Change Day Ontario 2017328959/11/2017 7:23:21 PMPatient Safety News ​Change Day Ontario Make a Difference in Patient Care Associate Medical Services and Health Quality Ontario – with support from The Canadian Patient Safety Institute - invite you to support healthcare organizations from across Ontario for two months in the Fall as Change Day Ontario 2017 takes place. What is Change Day Ontario? It is a growing global movement that supports people with first hand experience in the Canadian healthcare system to create positive change. But how is this done you ask? By making pledges – large or small- to drive the change they want to see forward. This event is about people connecting through their ideas and stories and sharing them through social media. Its about engaging with one another and overcoming barriers. Ultimately, Change Day Ontario is about is about helping to improve care for patients and providers. With that in mind, join Change Day Ontario and make a pledge to improve compassionate quality care and inspire positive change within the health system. Visit to learn more and to sign up as an Ambassador. As a reminder, pledging begins September 12, 2017, and will culminate in a day of celebration which will take place on November 17, 2017. Change Day Alberta​​​​ http// Change Day BC https// Butterworth9/12/2017 2:30:00 PM Change Day Ontario: Make a Difference in Patient Care Associate Medical Services and Health Quality Ontario – with support from The Canadian9/15/2017 7:19:44 PM89
Patient Safety Power Play: Partnering to prevent the Deteriorating Patient Condition328909/8/2017 5:32:03 PMPatient Safety Power Plays Early warning signs of deteriorating condition are often unrecognized, leading to devastating results. Research shows that virtually all critical patient events are preceded by warning signs that occur several in advance. The Canadian Patient Safety Institute (CPSI) and the Healthcare Insurance Reciprocal of Canada (HIROC), continuously assert the importance of patient engagement in healthcare. We believe the patient and family have a voice at the bedside, and are vital to safe care outcomes. When it comes to the deteriorating patient condition, family members are a vital part of the healthcare team and are often best positioned to recognize the sometimes subtle, yet very important changes in their loved one's condition that may indicate deterioration. They may not know WHAT is wrong, but they're often the first to notice when something "just isn't right". Look no further than the story of Mataya Robin as an example of what we're talking about CPSI and HIROC, determined to be instrumental in ending preventable harm caused by the deteriorating patient condition, have partnered in an effort to curate the most comprehensive set of tools and resources related to the deteriorating patient condition in Canada, if not the world. You can access them all free of charge by searching "Deteriorating Patient Condition" or "DPC" at Deteriorating Patient Condition If you've got a family member currently in the healthcare system, learn to recognize the signs and symptoms of the deteriorating patient condition and how to effectively discuss your concerns with the healthcare provider. For providers and leaders, learn about the deteriorating patient condition in various care settings, and become a champion for patient engagement as you empower patients and family members to serve as your eyes and ears and monitor for early warning signs that something may be wrong. Together, we can reduce preventable harm. Yours in patient safety, Chris Power Catherine Gaulton CEO CEO Canadian Patient Safety Institute Healthcare Insurance Reciprocal of Canada 9/8/2017 6:00:00 AMEarly warning signs of deteriorating condition are often unrecognized, leading to devastating results. Research shows that virtually all critical9/8/2017 6:01:24 PM249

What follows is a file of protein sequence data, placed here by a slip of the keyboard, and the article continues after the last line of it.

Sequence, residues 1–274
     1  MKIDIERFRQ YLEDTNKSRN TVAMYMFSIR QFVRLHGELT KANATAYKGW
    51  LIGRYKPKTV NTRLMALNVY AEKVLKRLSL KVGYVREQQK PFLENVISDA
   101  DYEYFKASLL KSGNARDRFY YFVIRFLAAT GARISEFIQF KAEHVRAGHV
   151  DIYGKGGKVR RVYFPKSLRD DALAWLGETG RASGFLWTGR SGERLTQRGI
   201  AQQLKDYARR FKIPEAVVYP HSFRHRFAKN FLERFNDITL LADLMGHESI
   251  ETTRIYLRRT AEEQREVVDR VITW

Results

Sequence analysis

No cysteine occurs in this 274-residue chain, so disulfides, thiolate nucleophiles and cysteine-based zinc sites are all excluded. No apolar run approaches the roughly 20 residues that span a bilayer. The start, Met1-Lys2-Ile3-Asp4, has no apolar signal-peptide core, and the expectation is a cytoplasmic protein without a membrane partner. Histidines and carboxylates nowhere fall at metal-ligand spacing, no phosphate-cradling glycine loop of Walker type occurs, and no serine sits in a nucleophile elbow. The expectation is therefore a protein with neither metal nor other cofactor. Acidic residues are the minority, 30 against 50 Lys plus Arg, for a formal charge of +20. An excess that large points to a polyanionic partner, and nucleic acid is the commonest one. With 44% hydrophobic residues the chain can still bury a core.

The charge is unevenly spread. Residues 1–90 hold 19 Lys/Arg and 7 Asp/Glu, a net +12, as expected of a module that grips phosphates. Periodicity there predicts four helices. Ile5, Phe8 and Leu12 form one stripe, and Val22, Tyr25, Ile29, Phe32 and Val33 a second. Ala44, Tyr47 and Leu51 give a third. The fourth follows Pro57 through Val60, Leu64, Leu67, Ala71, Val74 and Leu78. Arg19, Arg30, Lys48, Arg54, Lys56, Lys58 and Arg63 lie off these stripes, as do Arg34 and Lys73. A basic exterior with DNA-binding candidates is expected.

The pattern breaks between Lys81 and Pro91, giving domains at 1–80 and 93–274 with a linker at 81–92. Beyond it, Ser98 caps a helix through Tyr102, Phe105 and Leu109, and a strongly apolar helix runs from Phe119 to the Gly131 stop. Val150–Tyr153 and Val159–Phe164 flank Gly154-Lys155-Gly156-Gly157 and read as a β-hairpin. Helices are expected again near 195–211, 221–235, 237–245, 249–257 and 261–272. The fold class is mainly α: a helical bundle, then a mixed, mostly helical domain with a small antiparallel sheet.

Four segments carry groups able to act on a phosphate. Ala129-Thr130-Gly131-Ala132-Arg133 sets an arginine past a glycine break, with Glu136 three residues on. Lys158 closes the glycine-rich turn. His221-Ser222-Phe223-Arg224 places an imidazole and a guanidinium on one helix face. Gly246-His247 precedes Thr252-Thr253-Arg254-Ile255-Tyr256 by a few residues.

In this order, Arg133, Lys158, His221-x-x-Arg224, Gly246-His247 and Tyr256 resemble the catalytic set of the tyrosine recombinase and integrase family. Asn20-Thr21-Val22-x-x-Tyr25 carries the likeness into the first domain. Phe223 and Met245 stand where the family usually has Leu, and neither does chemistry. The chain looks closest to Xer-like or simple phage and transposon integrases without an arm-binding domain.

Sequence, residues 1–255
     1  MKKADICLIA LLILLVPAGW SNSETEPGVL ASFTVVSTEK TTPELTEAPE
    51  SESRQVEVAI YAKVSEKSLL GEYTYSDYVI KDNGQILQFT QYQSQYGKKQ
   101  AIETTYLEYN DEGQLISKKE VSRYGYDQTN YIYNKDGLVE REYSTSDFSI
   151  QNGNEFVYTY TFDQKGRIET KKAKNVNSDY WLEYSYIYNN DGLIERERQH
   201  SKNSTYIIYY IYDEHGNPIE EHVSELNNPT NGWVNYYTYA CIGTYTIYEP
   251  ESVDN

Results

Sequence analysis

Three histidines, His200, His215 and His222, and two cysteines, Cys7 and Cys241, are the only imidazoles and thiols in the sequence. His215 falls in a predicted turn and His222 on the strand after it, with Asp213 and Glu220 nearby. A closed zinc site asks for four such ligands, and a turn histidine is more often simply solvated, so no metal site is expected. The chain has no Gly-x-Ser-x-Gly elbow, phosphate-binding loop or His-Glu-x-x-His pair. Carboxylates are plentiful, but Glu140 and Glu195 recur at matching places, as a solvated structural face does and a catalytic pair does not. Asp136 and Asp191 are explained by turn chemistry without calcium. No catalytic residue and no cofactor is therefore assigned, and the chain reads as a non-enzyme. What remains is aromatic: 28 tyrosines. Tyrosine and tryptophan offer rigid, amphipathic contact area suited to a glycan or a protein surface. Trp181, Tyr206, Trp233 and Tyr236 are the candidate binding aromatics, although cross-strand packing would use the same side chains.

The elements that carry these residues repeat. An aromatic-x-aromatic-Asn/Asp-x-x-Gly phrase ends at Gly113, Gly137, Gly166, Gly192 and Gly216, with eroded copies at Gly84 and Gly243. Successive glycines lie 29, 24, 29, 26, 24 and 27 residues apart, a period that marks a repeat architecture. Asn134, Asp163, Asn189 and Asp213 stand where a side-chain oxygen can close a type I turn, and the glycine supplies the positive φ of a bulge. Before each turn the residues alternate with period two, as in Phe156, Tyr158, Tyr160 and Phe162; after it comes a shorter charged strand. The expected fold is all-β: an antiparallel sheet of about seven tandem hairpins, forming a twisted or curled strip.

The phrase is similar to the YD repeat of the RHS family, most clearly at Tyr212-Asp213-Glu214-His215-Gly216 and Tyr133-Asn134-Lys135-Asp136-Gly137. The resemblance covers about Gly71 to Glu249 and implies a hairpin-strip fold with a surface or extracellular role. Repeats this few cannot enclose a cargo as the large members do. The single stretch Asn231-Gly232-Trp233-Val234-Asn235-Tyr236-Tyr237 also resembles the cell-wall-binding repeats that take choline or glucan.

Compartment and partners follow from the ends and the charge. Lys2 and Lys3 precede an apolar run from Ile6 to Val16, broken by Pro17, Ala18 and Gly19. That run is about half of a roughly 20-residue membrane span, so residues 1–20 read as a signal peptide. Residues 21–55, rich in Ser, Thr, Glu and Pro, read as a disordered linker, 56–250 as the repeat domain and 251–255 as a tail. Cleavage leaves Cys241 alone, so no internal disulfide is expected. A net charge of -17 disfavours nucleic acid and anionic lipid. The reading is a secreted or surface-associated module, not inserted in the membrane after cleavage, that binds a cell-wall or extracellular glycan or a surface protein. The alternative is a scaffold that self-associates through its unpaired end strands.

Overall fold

#SHIFTTalks Hear me out328919/8/2017 4:10:54 PMPatient Safety News The value of effective communication during patient handovers Just hours after being discharged from the emergency department, a five-week old infant sustained permanent brain damage due to a delayed diagnosis and treatment for meningitis. The cause – miscommunication and the absence of a reliable process to ensure pending tests following a patient discharge. Cases like these beg the question, are poor communication practices during shift changes and transfers between care providers so ubiquitous in healthcare that we have become numb to their chilling effects on patient safety? Sadly, we might think we’re communicating well but in the chaotic and stressful healthcare environment, the messages can easily start to look like a game of broken telephone. Communication handovers – be they between healthcare providers, facilities or sectors – can be complex. One article suggested that the average healthcare provider encounters 11 to 15 interruptions hourly. Other research tells us that only 42% of nurses can identify their patient’s primary care provider and 23% of physicians can identify their patient’s primary nurse. According to CRICO, healthcare miscommunication cost $1.7B and impacted nearly 2,000 lives in a study of claims filed between 2009 and 2013. A similar grim situation exists in Canada. The Canadian Adverse Events Study found miscommunication during care transitions were a key factor in medication adverse events. Based on claims data from HIROC (the Healthcare Insurance Reciprocal of Canada), communication failures contributed to an estimated $305 million in medical legal costs since 1987. Contrary to these findings, The 2015 Accreditation Canada Report on Required Organizational Practices (ROP) revealed an overall compliance score of 99% for the practice of ensuring effective information at transition points. However, this finding specified that tests for compliance did not assess the quality of information transferred. There are some promising signs that things are changing. We are seeing studies on standardized practices to bridge the gap between varying communication styles. There is also a focus on team-based safety practices such as routine huddles and debriefs to enhance communication. And finally, tools and resources like CPSI’s SHIFT to Safety platform help empower patients and families to start conversations during care transitions. For leadership, it comes down to prioritizing effective communication, making use of technology and building of a culture of safety. We must do it for our staff, our organizations and for our patients who leave their fate in our hands. ​ ​By Joanna Noble, Supervisor, Knowledge Transfer Healthcare Risk Management, HIROC 9/8/2017 6:00:00 AMThe value of effective communication during patient handovers Just hours after being discharged from the emergency department, a five-week old9/11/2017 4:40:02 PM531